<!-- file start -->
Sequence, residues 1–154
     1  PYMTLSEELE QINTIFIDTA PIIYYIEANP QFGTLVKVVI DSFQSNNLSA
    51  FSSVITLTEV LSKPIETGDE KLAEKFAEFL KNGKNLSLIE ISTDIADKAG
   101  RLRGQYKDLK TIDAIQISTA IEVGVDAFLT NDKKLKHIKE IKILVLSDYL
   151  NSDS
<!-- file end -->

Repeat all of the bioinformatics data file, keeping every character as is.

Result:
Sequence, residues 1–154
     1  PYMTLSEELE QINTIFIDTA PIIYYIEANP QFGTLVKVVI DSFQSNNLSA
    51  FSSVITLTEV LSKPIETGDE KLAEKFAEFL KNGKNLSLIE ISTDIADKAG
   101  RLRGQYKDLK TIDAIQISTA IEVGVDAFLT NDKKLKHIKE IKILVLSDYL
   151  NSDS